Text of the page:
Sam Novey / May 3rd, 2011 / Tweet
Tech Crunch is reporting today that the “Search Group” at Google is no more. From now on, it will be a part of a team called the “Knowledge Group.”
Engineering lead Udi Manber describes the mission of the new group:
“The challenge posed to us by Larry, Sergey and Eric was to find a way to help people share their knowledge. This is our main goal.”
In his TED talk and book, Eli suggests that we’ve replaced the human editors of the past with the algorithmic ones of the present. In many areas — particularly news where personalized facebook and twitter feeds have taken the place of shared mainstream media sources — this is true.
Google’s step today to create a “Knowledge Group,” however, makes me reconsider whether the algorithmic editing of information is really so new at all. Since the beginning of the written word, people have been devising systems to classify information and “put it in order” so that individuals can find the particular knowledge that is relevant to them at a certain time. Google’s engineers can be understood as the new generation of the unsung heroes of information ordering — librarians.
The Dewey Decimal System provides as a quite relevant historical example for Google engineers. Created by Amherst professor Dr. Melvil Dewey at the end of the 19th century, the Dewey Decimal System is now used to order information in over 200,000 libraries in at least 135 countries. The values baked into it have been shaping the information diets of people all over the world for over 100 years. The advantage of historical perspective allows us to understand the biases of the system in ways that even Dewey could not have understood.
Wayne Wiegand’s article ‘The ‘Amherst Method’: The Origins of the Dewey Decimal Classification Scheme” examines the values which influenced Dewey and still shape the shelves of libraries today.
Dewey’s own goals were remarkably similar to those of Google engineers who strive for “efficiency.” In describing the moment when he first thought of the system — naturally while day dreaming in church — he expresses his fixation on “simplicity.”
while I lookt stedfastly at [the pulpit] without hearing a word, my mind absorbd in the vital problem, the solution ﬂasht over me so that I jumpt in my seat and came very near shouting ‘‘Eureka!’’ It was to get absolute simplicity by using the simplest known symbols, the arabic numerals as decimals, with ordinary signiﬁcance of nought, to number a classiﬁcation of all human knowledge in print; this supplemented by the next simplest known symbols, a, b, c, indexing all heds of the tables, so that it would be easier to use a classiﬁcation with 1000 heds so keyd than to use the ordinary 30 or 40 heds which one had to study carefully before using.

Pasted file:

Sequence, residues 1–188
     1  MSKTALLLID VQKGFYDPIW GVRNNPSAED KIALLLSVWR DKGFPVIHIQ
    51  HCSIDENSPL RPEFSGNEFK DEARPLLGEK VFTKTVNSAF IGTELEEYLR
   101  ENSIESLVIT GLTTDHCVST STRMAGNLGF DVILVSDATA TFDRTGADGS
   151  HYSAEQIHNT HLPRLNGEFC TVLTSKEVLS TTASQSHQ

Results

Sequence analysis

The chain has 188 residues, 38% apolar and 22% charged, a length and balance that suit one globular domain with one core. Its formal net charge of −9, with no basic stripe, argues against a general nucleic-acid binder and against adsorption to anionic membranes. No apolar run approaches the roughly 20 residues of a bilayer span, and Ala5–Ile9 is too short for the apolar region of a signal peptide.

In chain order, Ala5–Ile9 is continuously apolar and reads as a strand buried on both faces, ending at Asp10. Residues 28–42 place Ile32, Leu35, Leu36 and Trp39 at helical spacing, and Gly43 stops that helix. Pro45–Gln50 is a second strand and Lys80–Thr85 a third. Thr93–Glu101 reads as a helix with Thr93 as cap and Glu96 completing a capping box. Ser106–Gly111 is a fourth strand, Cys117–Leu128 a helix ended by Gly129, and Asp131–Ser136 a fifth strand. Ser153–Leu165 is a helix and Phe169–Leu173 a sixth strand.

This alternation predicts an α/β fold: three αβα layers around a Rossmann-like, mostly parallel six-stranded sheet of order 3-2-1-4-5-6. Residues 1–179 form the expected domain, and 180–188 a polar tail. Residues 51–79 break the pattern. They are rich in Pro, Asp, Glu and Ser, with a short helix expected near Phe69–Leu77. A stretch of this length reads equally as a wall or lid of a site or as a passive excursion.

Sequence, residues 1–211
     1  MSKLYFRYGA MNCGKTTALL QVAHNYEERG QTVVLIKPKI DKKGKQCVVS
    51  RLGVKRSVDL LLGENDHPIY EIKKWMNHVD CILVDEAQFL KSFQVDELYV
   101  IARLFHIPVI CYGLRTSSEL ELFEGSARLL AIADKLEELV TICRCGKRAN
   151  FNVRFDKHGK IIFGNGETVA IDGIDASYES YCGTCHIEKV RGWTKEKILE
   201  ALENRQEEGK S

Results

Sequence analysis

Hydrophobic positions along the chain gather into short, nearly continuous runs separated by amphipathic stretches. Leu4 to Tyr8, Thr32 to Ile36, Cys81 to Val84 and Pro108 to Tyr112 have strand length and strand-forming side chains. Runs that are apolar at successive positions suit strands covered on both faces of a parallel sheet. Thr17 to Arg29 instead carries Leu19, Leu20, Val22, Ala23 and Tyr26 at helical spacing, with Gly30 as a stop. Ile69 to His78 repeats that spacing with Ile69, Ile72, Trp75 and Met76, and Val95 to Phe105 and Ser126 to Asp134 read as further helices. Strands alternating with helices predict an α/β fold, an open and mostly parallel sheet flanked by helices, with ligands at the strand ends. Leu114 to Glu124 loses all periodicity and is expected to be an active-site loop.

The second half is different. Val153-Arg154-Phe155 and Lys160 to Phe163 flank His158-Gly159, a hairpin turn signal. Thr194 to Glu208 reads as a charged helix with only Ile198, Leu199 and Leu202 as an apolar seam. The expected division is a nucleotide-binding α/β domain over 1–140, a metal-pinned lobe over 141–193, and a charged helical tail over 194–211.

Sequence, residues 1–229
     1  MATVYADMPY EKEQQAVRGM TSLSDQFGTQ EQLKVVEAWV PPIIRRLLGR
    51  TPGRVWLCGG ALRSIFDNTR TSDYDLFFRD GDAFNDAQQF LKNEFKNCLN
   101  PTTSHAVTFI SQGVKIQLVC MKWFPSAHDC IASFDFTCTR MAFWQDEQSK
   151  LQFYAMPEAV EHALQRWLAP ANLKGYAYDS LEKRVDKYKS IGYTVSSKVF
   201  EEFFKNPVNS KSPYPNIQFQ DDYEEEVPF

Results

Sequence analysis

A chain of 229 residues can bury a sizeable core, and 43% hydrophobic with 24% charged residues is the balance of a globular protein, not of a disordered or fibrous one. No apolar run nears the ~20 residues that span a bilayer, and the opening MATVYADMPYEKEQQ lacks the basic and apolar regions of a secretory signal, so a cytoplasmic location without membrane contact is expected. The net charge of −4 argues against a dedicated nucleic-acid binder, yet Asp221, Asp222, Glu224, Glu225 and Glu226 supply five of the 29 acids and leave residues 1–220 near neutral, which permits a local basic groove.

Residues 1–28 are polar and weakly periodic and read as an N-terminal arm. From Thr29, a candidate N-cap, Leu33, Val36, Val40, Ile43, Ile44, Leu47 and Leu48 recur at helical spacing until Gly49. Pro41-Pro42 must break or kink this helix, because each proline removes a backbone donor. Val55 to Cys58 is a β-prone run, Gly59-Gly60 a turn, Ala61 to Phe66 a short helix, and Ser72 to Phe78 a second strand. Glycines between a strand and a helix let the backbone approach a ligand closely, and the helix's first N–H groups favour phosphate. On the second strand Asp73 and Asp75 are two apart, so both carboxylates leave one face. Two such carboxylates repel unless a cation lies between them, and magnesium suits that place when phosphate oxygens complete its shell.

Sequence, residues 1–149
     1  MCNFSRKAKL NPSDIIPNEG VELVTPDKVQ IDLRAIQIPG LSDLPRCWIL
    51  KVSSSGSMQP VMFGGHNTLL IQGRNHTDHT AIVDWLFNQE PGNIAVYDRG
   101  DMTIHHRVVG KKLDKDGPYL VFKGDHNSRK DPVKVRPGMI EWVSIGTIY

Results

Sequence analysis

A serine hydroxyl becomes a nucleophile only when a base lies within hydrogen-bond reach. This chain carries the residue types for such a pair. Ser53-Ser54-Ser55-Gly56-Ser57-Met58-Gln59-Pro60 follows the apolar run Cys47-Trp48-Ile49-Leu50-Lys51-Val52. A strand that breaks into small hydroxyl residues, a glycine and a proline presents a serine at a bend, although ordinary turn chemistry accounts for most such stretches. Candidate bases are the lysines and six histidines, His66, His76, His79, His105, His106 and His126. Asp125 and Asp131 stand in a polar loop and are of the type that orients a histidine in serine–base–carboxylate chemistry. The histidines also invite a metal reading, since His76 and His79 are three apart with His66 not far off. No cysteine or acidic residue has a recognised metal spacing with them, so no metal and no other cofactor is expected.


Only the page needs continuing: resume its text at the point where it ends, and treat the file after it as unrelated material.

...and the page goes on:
Wiegand, however, shows how Dewey’s quest for “simplicity” could not be done without implicit values. He drew heavily on a system created by St. Louis librarian Torrey Harris that Wiegand argues “was based upon a structure of knowledge articulated by Sir Francis Bacon but inverted by German philosopher G. W. F. Hegel.”
More importantly, Dewey almost certainly did not realize the extent to which these values and the ones which surrounded him at Amherst in the 1870s influenced the system.
For the most part, historians of library classiﬁcation have looked for the origins of the Dewey Decimal Classiﬁcation only in classiﬁcation systems that preceded it. What they have not realized was that beyond Harris’s basic structure, most of the scheme emerged from a worldview deﬁned on the Amherst College campus between 1870 and 1875. And because Dewey regarded this as a ‘‘natural’’ world—an integral part of the discourse of his culture—he felt no more need to cite his sources than contemporary scholars feel the need to verify ‘‘general knowledge.’
The implicit nature of the values embedded in the Dewey Decimal System has meant that they have persisted in spite of the emergence of more pluralistic worldviews over the course of the 20th century. Wiegand describes Dewey’s legacy as “mixed.”
On the one hand the scheme has over the decades saved millions of dollars and countless hours of time. Because it has become so widely accepted throughout the world it has permitted one person to classify one title for the hundreds of thousands of libraries using the decimal system. In addition, the system itself has become familiar to millions of people who can feel relatively conﬁdent that their knowledge of the system used in one library will serve them well in another. On the other hand the doctrine of Anglo-Saxonism Dewey wove so tightly into his system has over the years resisted the introduction of new threads with more culturally pluralistic origins.
Google’s engineers are not the first people to build systems for ordering information — but they are certainly the most influential. The example of Melvil Dewey and others who have done this work for previous generations can give us some valuable perspective. Many of the values embedded in today personalized search and news algorithms may be as invisible to us as the air we breathe. But like Melvil Dewey, they may create a mixed legacy for Google’s “Knowledge Group.”